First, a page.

When my mom got a Fitbit, I knew wearable technology had finally made its way to the masses.
Over the past several years, wearables have transitioned from being just a plaything for tech geeks to something normal people actually want to own. Fitness trackers, smartwatches and even smart glasses have become mainstream.
Despite speculation that it won’t be much good, the release of the Apple Watch will surely further this trend. I have yet to be convinced that I need any of this.
The smartphone was an easy sell to consumers. It was a new device that could replace your old cellphone, calculator, notepad, camera and even some aspects of your computer. The key to the success of the smartphone was that it allowed people to carry around less stuff. It minimized the number of devices a person needed to have with them, but allowed them to have access to the functions of many devices at any given time.
Now, smartphones have become somewhat stagnant. Each new Galaxy or iPhone or Lumia (to avoid alienating you Windows Phone people) which gets released feels more evolutionary than revolutionary.
Our phones are so packed with features that little can be added. What is already there just gets upgraded. Plus, apart from Nokia’s crazy colors most smartphones look exactly the same.
Rather than sticking to the idea that your smartphone should do everything, tech companies now want us to add a second device to supplement the functionality of our phones. To me, most of these devices suffer from some fatal flaws: almost every smartwatch on the market today requires a paired phone in order to do anything, and what they can do is basically an extension of the functionality I already have.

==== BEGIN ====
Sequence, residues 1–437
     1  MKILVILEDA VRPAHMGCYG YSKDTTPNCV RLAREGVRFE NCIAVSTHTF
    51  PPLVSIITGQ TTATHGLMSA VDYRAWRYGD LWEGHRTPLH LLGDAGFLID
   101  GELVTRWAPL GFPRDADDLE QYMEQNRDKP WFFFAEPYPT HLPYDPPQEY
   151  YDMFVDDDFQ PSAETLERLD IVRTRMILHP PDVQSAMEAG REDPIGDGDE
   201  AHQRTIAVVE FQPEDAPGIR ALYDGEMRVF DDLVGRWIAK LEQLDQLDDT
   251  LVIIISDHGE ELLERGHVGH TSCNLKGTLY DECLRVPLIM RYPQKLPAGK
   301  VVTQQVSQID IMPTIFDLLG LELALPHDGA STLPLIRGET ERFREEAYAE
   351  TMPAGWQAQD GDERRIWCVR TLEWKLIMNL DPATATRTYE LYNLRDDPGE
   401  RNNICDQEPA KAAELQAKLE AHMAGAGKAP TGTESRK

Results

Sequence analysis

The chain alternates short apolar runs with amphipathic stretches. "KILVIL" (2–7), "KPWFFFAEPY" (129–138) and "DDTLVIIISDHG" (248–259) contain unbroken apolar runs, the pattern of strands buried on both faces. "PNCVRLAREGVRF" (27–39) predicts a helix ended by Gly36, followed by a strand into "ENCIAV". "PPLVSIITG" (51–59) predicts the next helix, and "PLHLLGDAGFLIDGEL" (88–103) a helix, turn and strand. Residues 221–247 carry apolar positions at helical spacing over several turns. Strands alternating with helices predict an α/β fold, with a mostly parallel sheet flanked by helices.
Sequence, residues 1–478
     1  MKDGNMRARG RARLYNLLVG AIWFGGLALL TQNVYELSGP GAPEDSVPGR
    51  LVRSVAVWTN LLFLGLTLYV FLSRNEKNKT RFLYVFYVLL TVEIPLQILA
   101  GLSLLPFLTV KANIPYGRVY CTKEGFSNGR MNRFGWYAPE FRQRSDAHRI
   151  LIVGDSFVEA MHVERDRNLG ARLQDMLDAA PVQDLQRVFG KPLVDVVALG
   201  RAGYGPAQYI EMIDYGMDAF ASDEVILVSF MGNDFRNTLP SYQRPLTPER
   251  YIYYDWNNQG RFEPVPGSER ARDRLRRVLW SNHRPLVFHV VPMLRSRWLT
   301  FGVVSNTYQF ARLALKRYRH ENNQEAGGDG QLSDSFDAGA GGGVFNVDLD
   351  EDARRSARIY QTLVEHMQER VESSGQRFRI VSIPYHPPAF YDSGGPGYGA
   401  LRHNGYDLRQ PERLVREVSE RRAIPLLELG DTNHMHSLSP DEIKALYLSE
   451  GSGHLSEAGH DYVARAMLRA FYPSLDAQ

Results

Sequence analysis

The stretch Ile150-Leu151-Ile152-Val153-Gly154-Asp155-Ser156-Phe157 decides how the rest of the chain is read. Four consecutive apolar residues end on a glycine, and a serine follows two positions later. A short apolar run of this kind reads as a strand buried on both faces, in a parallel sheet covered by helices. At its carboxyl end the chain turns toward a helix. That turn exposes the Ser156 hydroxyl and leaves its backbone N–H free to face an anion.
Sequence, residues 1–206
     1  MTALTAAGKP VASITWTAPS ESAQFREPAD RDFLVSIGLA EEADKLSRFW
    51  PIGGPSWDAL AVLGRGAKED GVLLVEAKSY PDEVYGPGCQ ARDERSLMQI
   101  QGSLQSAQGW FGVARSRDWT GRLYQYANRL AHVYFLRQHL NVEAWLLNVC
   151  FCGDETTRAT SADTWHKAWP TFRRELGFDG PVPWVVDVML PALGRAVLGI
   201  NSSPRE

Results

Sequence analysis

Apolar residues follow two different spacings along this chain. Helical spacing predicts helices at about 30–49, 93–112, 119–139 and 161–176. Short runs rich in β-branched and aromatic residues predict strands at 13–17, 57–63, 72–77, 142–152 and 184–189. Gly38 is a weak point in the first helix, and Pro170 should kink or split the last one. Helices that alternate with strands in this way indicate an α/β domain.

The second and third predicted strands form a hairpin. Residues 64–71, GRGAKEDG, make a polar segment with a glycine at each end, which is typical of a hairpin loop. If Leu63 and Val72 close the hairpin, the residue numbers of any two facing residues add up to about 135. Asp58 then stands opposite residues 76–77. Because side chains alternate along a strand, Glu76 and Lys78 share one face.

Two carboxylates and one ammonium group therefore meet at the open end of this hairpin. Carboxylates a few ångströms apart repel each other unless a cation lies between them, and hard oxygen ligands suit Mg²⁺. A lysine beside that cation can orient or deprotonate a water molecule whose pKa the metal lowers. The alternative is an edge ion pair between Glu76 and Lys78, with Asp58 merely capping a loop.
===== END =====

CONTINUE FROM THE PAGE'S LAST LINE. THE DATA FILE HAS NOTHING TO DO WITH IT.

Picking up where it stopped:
I am also not a big fan of the high price of smartwatches. Carrier subsidies allow you to buy a smartphone for cheap (sometimes even free), and yet you will be paying hundreds of dollars for a watch to go with it.
I realize some people out there are willing to pay plenty of money for a regular dumb watch. I’m just not one of those people, nor do I think those people would trade the quality and craftsmanship of an expensive watch for a plastic watch with a color screen.
At first glance, fitness trackers seem like a better proposition. They are cheaper than smartwatches, and can also tell you really incredible things about yourself, such as how many steps you took that day or if you slept well (since apparently you can’t figure that one out on your own). Unfortunately for fitness tracker manufacturers, a new study released by the University of Pennsylvania says that built-in fitness tracking in smartphones is actually more accurate than wearable fitness tracking. It turns out that our smartphones are already replacing fitness tech that we just decided we needed.
Maybe I am just lazy, but I would rather not have to charge multiple devices every day. I already charge my phone every single night, so I am far less likely to use a second device if it also needs to be charged daily.
I almost bought a Pebble smartwatch during a Black Friday sale solely because of the price cuts, but for me, the current state of wearables is just not developed enough to be worth the purchase.